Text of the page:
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Google Wins Appeal Over Alleged Data Privacy Breach

Michael Behr

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Google Data Privacy
The case was a testbed for whether similar class action lawsuits could be brought against companies over alleged misuse of data.

The UK Supreme Court has blocked a lawsuit claiming that Google breached its users’ privacy between 2011 and 2012.

If the search engine giant had lost, it could have faced up to £3 billion in damages.

The action was filed by Google You Owe Us back in 2018 and led by former director of consumer watchdog Which?, Richard Lloyd. It marked the first case to include compensation claims for misuse of data in a class action suit.

At the heart of the case was the claim that Google was breaching the privacy of 5 million people in the UK who use Apple iPhones. It targeted the so-called Safari Workaround, which allowed Google to bypass the iPhone’s privacy settings and collect people’s information.

Among the data Google allegedly collects are location, race, political beliefs, and spending habits. Its discovery led to Google paying a $17 million settlement and a $22.5 million fine to the US Federal Trade Commission (FTC).

The UK High Court blocked the original proceedings in 2018, but this decision was overturned by the Court of Appeals.

“There is no doubt that the claimant is entitled to advance a claim against Google on this basis in his own right which has a real prospect of success,” the court’s judgement reads. “The issue is whether he can also do so on behalf of all other iPhone users who fall within the represented class.”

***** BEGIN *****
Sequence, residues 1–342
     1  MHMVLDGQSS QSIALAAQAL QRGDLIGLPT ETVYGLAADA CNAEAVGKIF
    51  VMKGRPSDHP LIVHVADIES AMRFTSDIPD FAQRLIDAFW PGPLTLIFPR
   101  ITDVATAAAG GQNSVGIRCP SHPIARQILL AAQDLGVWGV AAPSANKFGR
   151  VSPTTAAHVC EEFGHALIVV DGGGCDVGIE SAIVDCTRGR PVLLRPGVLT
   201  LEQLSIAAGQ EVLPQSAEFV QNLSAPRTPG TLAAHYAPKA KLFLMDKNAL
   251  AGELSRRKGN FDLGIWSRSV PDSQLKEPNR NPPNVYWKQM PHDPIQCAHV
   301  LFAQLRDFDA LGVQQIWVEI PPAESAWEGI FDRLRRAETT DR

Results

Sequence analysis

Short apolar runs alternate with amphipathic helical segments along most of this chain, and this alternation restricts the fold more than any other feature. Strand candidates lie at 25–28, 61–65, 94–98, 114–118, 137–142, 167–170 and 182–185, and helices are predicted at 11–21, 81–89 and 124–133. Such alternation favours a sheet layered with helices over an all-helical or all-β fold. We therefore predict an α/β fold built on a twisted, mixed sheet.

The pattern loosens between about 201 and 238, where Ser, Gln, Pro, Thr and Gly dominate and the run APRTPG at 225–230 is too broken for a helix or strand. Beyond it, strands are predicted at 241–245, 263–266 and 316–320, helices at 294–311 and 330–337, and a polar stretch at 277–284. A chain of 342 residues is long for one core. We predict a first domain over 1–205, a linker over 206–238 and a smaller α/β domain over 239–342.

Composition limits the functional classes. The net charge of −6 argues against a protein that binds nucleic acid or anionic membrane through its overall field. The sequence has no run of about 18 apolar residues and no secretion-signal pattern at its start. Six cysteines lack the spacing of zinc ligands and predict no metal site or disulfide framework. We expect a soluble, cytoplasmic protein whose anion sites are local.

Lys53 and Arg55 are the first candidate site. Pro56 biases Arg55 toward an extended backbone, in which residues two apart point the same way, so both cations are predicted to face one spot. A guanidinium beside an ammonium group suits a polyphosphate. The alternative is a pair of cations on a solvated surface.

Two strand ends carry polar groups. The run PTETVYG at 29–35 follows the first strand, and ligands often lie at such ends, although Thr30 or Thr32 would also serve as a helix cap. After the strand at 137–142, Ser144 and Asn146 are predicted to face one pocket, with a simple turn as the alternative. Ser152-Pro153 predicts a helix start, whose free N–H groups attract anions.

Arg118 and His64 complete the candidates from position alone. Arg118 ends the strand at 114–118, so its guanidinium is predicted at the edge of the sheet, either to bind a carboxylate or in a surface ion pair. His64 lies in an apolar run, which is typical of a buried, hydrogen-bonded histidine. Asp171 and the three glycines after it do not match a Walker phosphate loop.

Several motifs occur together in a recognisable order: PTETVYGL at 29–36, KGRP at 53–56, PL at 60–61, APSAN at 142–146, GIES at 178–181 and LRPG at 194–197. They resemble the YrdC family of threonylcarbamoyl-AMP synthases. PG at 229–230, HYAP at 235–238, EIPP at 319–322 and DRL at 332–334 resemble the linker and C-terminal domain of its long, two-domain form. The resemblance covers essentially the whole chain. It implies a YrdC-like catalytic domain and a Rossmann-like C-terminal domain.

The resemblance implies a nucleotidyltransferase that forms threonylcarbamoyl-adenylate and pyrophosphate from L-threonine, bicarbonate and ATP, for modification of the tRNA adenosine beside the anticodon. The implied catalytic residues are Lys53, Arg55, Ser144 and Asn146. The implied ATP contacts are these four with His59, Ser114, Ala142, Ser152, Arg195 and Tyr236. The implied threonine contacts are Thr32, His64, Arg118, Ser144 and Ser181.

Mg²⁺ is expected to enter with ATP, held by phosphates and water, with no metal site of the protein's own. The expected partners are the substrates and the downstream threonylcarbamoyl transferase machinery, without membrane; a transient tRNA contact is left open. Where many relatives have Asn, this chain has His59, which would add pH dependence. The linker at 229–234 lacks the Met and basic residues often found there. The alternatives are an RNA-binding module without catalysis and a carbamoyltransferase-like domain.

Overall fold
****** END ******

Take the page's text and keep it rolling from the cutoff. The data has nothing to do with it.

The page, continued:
According to the court’s decision, the claimants had to demonstrate that damage or loss had been suffered to claim compensation. This meant that each claimant had to show this on an individual basis.

As such, simply suffering loss of control of personal data was not sufficient.

“The claimant seeks damages… for each individual member of the represented class without attempting to show that any wrongful use was made by Google of personal data relating to that individual or that the individual suffered any material damage or distress as a result of a breach of the requirements of the Act by Google,” the judgement notes.


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The Google case was a testbed to see whether a similar type of suit could be brought against tech companies tracking data. If the claimants had won the case, it would have opened up Google, as well as other companies, to even more suits.

Similar lawsuits were being considered against Facebook and TikTok.

“We are bitterly disappointed that the Supreme Court has failed to do enough to protect the public from Google and other Big Tech firms who break the law. They have overturned a very clear ruling by senior, expert judges in the Court of Appeal,” Lloyd said.

“Although the Court once again recognised that our action is the only practical way that millions of British people can get access to fair redress, they’ve slammed the door shut on this case by ruling that everyone affected must go to court individually.”

He added: “The Government must now step in to make the system clearer and stronger by bringing in the right for groups of consumers to take action together under the Data Protection Act.

“The responsibility to protect our privacy, data rights and collective action is squarely back with the Government.”

Michael Behr

Senior Staff Writer

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